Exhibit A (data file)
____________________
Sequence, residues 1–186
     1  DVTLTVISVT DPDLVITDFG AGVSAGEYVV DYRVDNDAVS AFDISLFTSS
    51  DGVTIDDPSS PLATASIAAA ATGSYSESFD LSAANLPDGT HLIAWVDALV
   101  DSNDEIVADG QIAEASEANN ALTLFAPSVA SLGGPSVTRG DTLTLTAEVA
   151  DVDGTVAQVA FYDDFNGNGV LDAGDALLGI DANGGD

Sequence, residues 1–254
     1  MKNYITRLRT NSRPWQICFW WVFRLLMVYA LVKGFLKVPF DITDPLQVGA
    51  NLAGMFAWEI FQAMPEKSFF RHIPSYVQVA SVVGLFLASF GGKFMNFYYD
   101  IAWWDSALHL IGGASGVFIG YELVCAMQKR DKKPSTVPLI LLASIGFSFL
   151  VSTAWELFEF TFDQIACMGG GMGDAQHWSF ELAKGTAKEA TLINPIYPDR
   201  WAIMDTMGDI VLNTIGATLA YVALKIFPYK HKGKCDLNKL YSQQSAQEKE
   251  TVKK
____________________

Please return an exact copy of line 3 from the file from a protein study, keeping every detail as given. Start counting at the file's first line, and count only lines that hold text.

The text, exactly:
    51  DGVTIDDPSS PLATASIAAA ATGSYSESFD LSAANLPDGT HLIAWVDALV